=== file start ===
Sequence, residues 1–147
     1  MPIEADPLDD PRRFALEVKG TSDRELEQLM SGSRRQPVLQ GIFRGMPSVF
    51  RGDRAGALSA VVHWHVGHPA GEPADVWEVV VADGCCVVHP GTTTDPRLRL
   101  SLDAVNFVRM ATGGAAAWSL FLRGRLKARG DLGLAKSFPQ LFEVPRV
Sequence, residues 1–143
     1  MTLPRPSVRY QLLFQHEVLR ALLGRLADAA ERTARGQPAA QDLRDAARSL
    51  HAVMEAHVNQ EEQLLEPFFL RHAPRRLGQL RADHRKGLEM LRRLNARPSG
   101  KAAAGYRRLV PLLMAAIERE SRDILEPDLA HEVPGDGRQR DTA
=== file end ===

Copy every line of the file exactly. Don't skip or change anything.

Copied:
Sequence, residues 1–147
     1  MPIEADPLDD PRRFALEVKG TSDRELEQLM SGSRRQPVLQ GIFRGMPSVF
    51  RGDRAGALSA VVHWHVGHPA GEPADVWEVV VADGCCVVHP GTTTDPRLRL
   101  SLDAVNFVRM ATGGAAAWSL FLRGRLKARG DLGLAKSFPQ LFEVPRV
Sequence, residues 1–143
     1  MTLPRPSVRY QLLFQHEVLR ALLGRLADAA ERTARGQPAA QDLRDAARSL
    51  HAVMEAHVNQ EEQLLEPFFL RHAPRRLGQL RADHRKGLEM LRRLNARPSG
   101  KAAAGYRRLV PLLMAAIERE SRDILEPDLA HEVPGDGRQR DTA